It is well known that sun exposure leads to skin damage. The skin damage raises the risk of skin cancer and premature aging. Sadly, despite this knowledge, the rate of skin cancer is growing rapidly. Melanoma, the most serious (dangerous) type of skin cancer, has had it's incidence (the number of cases in a given year in the group of people studied) increase. In fact, the number of cases are doubling every 10 years. Melanoma is the most common cancer in the U.S. It is thought 1 in 5 persons will be diagnosed with a skin cancer in their lifetime.
Protecting everyone with sunscreen when they are sun exposed is an excellent way to help prevent skin damage. Reading labels on sunscreen can be difficult. The SPF on the label stands for sun protection factor. Originally, we were all informed that an SPF of 16 was twice as protective as an 8 -- it turns out this was not true. In fact, these are the new regulations:
1. The highest SPF you should see will be "50+".
2. There is no evidence that says that an SPF greater than 50 is more sun protective.
3. Sunscreens with SPF greater than 15 are more sun protective than those with an SPF of less than 15.
4. "Broad Spectrum" sun screens will need to have both UVA protection (against skin cancer and premature skin aging) and UVB protection (against sunburn).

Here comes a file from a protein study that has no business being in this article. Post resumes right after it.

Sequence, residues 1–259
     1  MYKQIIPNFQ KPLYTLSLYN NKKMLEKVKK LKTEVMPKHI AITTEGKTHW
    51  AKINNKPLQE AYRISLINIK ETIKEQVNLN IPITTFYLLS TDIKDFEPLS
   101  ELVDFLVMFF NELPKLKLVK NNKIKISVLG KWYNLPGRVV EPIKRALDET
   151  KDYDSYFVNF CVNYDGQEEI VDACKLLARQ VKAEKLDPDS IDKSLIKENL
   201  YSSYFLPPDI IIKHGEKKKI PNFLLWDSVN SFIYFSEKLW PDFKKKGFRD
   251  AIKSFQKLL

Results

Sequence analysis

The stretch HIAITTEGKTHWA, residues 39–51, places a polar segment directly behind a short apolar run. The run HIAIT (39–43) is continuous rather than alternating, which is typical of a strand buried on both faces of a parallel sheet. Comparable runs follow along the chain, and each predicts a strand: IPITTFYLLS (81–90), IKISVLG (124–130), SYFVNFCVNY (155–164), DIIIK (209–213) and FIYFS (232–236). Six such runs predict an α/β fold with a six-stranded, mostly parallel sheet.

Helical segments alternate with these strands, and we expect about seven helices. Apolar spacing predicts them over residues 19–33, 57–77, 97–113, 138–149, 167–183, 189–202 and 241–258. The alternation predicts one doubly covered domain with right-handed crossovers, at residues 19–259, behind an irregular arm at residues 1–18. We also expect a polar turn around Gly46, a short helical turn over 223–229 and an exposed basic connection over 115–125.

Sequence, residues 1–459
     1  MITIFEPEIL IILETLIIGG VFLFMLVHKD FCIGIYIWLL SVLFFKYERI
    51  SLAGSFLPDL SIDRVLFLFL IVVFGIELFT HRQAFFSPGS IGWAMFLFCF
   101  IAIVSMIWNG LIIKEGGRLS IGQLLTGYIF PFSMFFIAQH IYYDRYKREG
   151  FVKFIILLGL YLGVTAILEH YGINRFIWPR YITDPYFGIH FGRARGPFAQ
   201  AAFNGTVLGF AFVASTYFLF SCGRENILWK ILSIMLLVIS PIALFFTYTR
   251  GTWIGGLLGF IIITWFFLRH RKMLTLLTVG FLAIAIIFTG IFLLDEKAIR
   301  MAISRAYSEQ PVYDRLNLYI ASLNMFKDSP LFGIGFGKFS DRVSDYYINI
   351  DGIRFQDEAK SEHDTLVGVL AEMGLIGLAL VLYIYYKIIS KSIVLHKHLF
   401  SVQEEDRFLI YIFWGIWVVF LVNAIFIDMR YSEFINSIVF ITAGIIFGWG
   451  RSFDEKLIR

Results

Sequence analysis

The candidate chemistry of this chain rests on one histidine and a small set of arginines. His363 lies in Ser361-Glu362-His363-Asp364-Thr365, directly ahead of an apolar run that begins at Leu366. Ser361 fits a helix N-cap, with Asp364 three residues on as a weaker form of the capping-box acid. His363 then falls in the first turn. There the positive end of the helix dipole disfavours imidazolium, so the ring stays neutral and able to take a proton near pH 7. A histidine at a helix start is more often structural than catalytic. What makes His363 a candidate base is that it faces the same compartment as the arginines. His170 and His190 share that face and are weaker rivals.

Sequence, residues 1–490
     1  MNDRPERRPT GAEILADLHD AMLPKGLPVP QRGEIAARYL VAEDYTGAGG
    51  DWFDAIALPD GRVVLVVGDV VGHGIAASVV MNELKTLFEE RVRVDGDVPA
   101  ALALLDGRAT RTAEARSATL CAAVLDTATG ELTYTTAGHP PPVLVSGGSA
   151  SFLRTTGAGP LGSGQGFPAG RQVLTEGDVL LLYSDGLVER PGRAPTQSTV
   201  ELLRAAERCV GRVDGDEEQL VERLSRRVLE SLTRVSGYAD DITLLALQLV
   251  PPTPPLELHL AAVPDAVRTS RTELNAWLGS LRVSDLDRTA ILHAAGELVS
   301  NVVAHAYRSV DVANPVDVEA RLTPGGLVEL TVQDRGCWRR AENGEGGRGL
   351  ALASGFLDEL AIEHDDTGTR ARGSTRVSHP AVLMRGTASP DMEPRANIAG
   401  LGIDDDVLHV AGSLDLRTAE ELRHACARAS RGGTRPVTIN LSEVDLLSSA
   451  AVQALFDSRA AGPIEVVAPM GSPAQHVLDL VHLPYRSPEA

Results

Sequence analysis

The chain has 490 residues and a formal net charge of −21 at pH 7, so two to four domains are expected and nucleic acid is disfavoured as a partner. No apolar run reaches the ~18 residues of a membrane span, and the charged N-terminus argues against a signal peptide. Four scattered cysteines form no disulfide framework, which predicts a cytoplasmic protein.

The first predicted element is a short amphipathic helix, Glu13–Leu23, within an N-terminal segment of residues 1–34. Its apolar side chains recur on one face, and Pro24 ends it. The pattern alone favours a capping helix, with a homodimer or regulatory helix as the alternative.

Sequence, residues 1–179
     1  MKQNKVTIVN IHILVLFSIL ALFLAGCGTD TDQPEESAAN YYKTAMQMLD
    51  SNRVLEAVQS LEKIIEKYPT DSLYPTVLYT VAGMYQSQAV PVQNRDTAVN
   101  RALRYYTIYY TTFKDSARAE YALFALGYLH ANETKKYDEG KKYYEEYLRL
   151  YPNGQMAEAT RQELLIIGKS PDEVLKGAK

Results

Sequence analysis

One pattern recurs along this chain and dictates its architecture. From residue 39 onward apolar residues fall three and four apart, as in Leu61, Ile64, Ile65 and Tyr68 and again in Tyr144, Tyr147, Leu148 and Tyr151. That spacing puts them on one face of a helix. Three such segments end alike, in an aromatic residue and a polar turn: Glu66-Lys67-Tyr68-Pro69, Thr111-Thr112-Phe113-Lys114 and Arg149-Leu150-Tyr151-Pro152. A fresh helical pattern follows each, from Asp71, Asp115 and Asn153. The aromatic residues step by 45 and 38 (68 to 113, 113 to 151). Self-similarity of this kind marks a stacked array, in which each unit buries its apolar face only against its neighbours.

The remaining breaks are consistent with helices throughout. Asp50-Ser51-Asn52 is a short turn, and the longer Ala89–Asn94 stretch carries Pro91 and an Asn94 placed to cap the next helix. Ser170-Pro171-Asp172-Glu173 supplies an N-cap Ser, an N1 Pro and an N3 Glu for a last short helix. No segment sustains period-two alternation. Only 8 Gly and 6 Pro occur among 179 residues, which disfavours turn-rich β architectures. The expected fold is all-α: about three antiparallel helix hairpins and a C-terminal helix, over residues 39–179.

5. The terms "waterproof" and "sweatproof" will no longer be allowed.
1. Use sunscreen with both UVA and UVB protection whenever you are being exposed to the sun.
2. Look for products with an SPF of 30 or above. But realize it is not likely you are getting more (or much more) sun protection if the SPF is over 30. If the higher-than-SPF-30 sunscreen is more expensive, consider purchasing the SPF 30 sunscreen instead.
3. Reapply sunscreen every 2 hours. Reapply more often if sweating or in and out of water.
4. Covering up with sunglasses, hat, and covering exposed skin helps limit sun damage.
5. Limit sun exposure from 10 a.m. to 2 p.m. when the ultraviolet rays are the strongest.
6. For infants less than 6 months of age: a. avoid sun exposure, b. dress infants with a hat and long clothing if out in the sun, c. if adequate clothing and shade are not possible, apply a small amount of SPF 15-30 sunscreen to small areas (exposed areas on the face, arms, or legs).
Resources used: FDA report and 'FDA's Sunscreen Recommendations' in October 2014 Contemporary Pediatrics by Mary Beth Nierengarten, MA.